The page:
Start Bulletin – December 14, 2009
The aftermath of the collective bargaining agreement between the Hawaii State Teachers Association, the state Board of Education, the state Department of Education and the state was a disaster.
We now have the fewest instruction days in the nation, a true black eye for Hawaii. Meanwhile, the federal government set aside competitive grant moneys for public education called “Race to the Top Funds.” Ironically, it appears that we are racing for the bottom.
The situation represents symptoms of deeper problems that have sat unaddressed for years: education reform. See professor Randy Roth’s new essay, “Public Education in Hawaii: Past, Present & Future” at www.law.hawaii.edu/sites/_files/rroth/Essay.pdf, in which he states:
“Changing the status quo will necessarily involve a shift of power. The parties who currently wield that power — primarily union leaders and elected officials who enjoy union support — are not going to give up that power simply because it’s the ‘right thing to do.’ As Governor Cayetano has said, ‘The people with power will not give it up unless they get something in return — there will have to be a negotiation of some kind.'”
Ultimately, the success of any real reform falls not only on legislators and those within the DOE, but on those outside the DOE as well.
Where do we go from here? Many sets of circumstances over the years led every governor, Republican and Democrat, down this path. And while some ideas are familiar, some have come to the surface as a result of the furlough situation.
First, in agreeing on furloughing instruction days to close the budget gap, it became clear during the collective bargaining process that no party represents the children. Children are the most important, and weakest, stakeholders in the public education system. They have no direct voice in the process, no direct means to hold anyone accountable. But if anyone deserves a voice at the bargaining table, it’s the children because they are the only reason we have a public education system to begin with. Therefore, we should mandate in law exactly that — a representative for the children at the collective bargaining table with a vote and say in the process.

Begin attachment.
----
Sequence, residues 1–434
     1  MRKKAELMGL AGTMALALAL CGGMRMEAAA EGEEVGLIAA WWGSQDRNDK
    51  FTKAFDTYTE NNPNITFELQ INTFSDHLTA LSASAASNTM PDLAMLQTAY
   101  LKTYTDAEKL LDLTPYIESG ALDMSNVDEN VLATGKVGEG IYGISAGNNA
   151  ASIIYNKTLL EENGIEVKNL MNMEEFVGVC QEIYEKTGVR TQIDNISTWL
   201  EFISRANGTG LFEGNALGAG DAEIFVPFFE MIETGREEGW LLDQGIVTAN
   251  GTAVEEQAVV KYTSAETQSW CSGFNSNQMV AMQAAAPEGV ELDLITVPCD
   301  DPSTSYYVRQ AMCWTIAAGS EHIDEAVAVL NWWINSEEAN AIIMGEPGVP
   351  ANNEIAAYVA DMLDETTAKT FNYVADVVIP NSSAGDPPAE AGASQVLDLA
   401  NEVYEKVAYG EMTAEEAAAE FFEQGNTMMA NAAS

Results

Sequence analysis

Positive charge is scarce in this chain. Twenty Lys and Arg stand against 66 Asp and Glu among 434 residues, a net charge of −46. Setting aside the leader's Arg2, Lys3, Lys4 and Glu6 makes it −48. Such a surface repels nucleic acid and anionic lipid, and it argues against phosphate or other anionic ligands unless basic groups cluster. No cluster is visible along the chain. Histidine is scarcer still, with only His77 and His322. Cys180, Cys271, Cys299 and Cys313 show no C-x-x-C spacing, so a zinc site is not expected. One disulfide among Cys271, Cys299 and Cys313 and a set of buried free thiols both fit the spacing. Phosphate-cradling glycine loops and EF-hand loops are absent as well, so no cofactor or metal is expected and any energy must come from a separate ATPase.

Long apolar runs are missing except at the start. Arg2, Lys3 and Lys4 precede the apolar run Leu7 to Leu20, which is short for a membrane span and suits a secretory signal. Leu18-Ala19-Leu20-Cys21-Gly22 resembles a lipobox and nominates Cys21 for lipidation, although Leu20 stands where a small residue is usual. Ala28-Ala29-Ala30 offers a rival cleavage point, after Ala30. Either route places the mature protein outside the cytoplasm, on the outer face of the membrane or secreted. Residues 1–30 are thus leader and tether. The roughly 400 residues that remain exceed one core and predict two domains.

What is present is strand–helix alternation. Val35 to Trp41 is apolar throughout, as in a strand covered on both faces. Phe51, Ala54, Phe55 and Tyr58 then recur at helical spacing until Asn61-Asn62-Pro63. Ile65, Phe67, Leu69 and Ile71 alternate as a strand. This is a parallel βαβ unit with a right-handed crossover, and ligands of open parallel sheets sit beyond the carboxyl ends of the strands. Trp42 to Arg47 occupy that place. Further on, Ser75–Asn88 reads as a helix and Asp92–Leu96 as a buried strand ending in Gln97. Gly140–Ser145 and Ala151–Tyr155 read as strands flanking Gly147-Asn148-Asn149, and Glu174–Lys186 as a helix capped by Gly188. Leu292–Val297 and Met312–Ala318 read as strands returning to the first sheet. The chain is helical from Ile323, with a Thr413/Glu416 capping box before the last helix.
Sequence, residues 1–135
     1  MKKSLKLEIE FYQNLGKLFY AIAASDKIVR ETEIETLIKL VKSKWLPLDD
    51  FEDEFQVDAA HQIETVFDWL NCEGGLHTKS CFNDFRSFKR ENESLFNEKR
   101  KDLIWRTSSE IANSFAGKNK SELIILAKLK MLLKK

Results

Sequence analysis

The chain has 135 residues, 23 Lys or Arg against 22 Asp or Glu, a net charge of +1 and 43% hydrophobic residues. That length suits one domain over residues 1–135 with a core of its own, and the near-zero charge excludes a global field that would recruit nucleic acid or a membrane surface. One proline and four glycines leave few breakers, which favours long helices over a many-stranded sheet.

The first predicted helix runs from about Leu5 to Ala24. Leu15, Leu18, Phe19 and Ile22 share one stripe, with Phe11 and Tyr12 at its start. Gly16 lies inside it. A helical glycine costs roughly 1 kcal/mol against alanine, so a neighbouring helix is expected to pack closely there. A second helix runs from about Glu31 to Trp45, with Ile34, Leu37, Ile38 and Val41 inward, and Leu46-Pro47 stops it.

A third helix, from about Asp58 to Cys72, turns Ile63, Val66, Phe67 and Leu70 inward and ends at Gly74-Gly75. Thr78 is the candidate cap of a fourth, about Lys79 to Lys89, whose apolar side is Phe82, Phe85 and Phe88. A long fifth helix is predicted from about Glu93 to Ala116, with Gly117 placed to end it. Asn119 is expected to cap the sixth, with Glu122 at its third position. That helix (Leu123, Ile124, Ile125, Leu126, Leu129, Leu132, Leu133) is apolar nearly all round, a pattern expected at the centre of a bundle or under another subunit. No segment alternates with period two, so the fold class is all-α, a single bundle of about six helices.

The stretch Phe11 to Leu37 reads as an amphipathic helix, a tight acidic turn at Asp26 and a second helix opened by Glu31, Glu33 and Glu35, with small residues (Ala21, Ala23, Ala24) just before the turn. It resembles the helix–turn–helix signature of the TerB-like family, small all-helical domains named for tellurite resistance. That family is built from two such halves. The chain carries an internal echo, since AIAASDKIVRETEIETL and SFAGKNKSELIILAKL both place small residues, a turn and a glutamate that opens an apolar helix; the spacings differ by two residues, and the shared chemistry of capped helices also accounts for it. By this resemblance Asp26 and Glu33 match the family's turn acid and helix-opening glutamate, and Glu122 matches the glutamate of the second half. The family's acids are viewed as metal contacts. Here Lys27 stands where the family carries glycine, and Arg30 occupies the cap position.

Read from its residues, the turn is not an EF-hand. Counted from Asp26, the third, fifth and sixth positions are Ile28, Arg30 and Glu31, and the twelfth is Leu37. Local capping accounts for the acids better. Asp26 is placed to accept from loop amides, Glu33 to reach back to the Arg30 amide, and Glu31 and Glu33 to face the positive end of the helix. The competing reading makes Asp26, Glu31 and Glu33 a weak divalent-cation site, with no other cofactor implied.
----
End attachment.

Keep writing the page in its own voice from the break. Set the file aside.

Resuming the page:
Second, when the dust settled and the agreement was ratified by HSTA, we had the least amount of instructional days in the nation, yet another black eye for a DOE consistently ranking near the bottom in every nationally accepted means of comparison for student performance. If Hawaii hopes to provide public school students with an education on par with the average state, it cannot do so with the least number of instructional days. Therefore, we should mandate in law a baseline number of instructional days equal to the state with the highest amount of teaching days as well as a baseline number of instructional hours within those days.
Finally, it comes as little surprise that in the wake of this agreement, and the troubles caused by it, stakeholders are pointing fingers at each other. That is the way the system was created … with a total lack of accountability. A financial, management, and performance audit of the DOE would highlight all of the areas legislators need to address to create an accountable system and to provide the means for those within the DOE to succeed, and we should pass a resolution calling for this audit in the 2010 session.
Each of the three ideas will be introduced as legislation in January.
These are common sense solutions in uncommonly difficult times, but as professor Roth pointed out, the only way change happens is if we hold ourselves accountable and do something about it, because history shows the stakeholders won’t.
State Rep. Cynthia Thielen, assistant minority leader, represents Kailua-Kaneohe Bay.